So maybe the amendment needs to read something like this instead: “those protecting the nation in active duty, whether against foreign nations or its own internal, civil war, shall have the right to bear arms.”
(This is a concession, being a pacifist at heart, but one I am ultimately will to give. Heck, history gave us a sad lesson of a time when war was seemingly the only option to save lives, World War II – the anti-holocaust measures.)
“Taking away guns will only leave them in the hands of criminals.”
While I agree with the logic behind it and can see that we have dug ourselves a terribly huge hole with the amount of guns owned in this nation, it still does not excuse the absolute and dire need to make swift and radical changes.
It is now that I would like to mention Australia and what they did with their gun issue. Google it: Port Arthur massacre.
I do not know and cannot speak with all-knowing knowledge of the situation or detail all the numbers that can be shared from this tragedy, but I know one thing… THEY DIDN’T WAIT FOR MORE TRAGEDIES TO HAPPEN!
Australia took a drastic measure after this huge mass murder and decided to ban guns all together. I’d be willing to bet that some responsible gun owners were not just bummed, but royally pissed off. But as a country they came together politically and decided to take action. Was it perfect? Nope. I am sure they still have a few murders using guns, but did the number of gun-related deaths (and gun crimes in general) fall? Shockingly, YES! (Sorry, I used “shockingly in a sarcastic manner.)
We have a much more gun-saturated and more heavily populated country than Australia, so we might have to go about things a little differently, but why not try? Programs to get guns off the street take time and even tax dollars, but would we rather spend tax dollars to prevent murders or to house murders for years/life in jail?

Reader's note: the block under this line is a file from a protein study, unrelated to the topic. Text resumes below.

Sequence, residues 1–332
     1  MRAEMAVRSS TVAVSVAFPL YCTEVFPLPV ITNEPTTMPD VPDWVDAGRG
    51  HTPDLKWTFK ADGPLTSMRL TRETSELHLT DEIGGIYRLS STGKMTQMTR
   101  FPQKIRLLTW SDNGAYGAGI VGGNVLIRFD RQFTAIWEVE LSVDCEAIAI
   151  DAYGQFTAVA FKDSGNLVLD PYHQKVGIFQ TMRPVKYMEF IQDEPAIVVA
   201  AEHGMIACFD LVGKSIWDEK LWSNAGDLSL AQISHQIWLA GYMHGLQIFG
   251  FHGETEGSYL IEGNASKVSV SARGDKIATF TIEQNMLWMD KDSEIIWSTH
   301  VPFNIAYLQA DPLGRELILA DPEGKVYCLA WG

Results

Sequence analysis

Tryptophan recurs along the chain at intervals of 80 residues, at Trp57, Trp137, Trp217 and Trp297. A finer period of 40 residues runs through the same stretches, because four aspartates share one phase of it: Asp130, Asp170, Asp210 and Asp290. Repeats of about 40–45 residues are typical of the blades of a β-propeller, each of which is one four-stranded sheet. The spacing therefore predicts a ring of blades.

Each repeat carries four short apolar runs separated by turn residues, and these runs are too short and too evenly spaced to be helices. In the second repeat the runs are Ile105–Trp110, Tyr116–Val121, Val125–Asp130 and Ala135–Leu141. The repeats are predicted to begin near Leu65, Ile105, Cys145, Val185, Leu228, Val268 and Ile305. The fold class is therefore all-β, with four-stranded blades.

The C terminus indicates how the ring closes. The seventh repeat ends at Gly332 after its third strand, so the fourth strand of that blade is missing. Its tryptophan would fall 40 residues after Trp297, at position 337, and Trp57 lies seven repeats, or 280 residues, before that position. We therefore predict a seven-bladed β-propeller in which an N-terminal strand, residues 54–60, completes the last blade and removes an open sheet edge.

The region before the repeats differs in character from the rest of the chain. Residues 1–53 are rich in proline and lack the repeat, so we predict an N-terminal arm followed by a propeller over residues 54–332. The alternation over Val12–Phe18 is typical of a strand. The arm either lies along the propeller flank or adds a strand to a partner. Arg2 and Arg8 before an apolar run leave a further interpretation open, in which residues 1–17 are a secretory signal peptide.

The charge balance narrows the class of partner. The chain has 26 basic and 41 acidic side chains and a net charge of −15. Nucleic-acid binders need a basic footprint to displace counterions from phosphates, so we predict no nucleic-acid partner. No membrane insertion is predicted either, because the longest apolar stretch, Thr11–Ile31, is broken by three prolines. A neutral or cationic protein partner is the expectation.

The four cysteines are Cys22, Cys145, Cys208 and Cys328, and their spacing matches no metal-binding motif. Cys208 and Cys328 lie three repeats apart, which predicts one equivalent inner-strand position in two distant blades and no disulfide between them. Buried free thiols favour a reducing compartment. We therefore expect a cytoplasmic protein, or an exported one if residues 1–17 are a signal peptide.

“How are you going to go from a land of guaranteed gun rights to ‘no guns allowed’ overnight?”
Maybe you cannot realistically do that. What we have to do now is stop debating and start putting real, hard laws in place. Maybe it is not a sweeping ban like Australia like I would like. But to go back and forth screaming “ALL” or “NOTHING” does us no good. Look at what the last few years have taught us – we are on pace for a mass killing each day in the United States, far exceeding any “first world” country. We have to do something, we have to start saving ONE life. The end game, in my scenario, should be total removal of all firearms in the country, but that doesn’t mean we can;t start with the smallest of measures – increased registration and permits for guns – in order to see if we can shift the numbers towards a generally safer country.
My urge to the parties is simple (overly general, but still simple):
- Republicans – stop accepting NRA money and start making laws for the good of your citizens.
- Democrats – do not say that you will settle for nothing less than the banning of all firearms. Small changes backed up with hard data is what is needed.
For those who wish to see which politicians are accepting NRA money, a link is provided HERE.
Whether you are a politician, activist, or “plain ol’ citizen” I ask you to rank these two freedoms:
- The right to bear arms.